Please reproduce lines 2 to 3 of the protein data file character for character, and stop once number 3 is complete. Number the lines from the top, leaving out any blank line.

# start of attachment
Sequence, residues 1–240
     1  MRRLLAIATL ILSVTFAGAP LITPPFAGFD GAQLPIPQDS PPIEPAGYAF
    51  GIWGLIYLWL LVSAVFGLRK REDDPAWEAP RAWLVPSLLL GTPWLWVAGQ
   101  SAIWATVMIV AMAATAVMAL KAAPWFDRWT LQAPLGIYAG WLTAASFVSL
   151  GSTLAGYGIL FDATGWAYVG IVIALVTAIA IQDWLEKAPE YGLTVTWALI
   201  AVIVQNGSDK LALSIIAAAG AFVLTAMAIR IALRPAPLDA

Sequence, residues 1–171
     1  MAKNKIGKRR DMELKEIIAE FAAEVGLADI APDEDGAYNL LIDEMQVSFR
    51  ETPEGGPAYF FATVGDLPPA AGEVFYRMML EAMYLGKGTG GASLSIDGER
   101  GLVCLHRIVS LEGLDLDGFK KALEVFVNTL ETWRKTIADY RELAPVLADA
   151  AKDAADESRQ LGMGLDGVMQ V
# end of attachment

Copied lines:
     1  MRRLLAIATL ILSVTFAGAP LITPPFAGFD GAQLPIPQDS PPIEPAGYAF
    51  GIWGLIYLWL LVSAVFGLRK REDDPAWEAP RAWLVPSLLL GTPWLWVAGQ